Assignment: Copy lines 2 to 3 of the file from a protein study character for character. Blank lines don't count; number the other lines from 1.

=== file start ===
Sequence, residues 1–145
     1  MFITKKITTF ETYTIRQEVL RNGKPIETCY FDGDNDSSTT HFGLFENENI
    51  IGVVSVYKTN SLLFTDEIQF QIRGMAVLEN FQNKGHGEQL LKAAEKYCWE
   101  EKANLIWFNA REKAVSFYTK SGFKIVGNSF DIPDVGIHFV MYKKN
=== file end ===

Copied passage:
     1  MFITKKITTF ETYTIRQEVL RNGKPIETCY FDGDNDSSTT HFGLFENENI
    51  IGVVSVYKTN SLLFTDEIQF QIRGMAVLEN FQNKGHGEQL LKAAEKYCWE